Thomas Campbell (1777-1844) is remarkable for his sentimental poetry. Most of his poems deal with common human problems.
Poem in Brief:
“Lord Ullin’s Daughter” is a ballad which tells the tragic story of the daughter of Lord Ullin and her lover who die a very sorrowful death when chased by her father and his men. The poem begins with the daughter and her lover, the Scottish chieftain arriving at the banks of Lochgyle with the intention of eloping to a safer place. The lover offers the boatman a silver pound to cross them to safety. The weather is stormy and it is very dangerous to cross the Lochgyle in such a state. The lover introduces himself as the chief of Ulva and that he is running from Lord Ullin’s men. He tells the boatman that if the Lord’s men catch him eloping with her daughter, they would immediately slay him. The boatman hesitates because agreeing can cost him all of the three lives. Then the beautiful daughter of Lord Ullin pleads to the boatman; she says that she is ready to face the raging storm but not her angry father. Finally, the boatman agrees to take them across Lochgyle.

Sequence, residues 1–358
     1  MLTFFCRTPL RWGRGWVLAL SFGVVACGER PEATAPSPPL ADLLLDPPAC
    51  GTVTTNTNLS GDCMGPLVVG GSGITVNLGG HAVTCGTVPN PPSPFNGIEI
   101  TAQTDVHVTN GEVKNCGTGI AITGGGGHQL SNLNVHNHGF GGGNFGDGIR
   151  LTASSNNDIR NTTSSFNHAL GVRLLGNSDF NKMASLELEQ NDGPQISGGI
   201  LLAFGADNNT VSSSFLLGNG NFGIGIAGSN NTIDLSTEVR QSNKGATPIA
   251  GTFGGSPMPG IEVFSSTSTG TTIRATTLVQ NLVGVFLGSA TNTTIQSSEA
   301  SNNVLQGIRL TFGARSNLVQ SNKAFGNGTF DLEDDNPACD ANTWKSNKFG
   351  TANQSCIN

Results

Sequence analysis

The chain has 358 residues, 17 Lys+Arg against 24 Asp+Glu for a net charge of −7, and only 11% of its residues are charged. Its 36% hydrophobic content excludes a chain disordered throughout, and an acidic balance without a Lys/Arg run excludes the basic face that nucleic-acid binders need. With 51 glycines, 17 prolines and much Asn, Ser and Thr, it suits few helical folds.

The boat has left the shore when Lord Ullin and his men reach. Lord Ullin’s anger evaporates at the moment when he sees his darling daughter fighting with Nature’s fury on the sea. His heart melts and he cries out to her to return and that he would accept her lover. But it is too late and before the Lord could do anything, the little boat capsizes and the three of them are drowned in the turbulent waters of Lochgyle.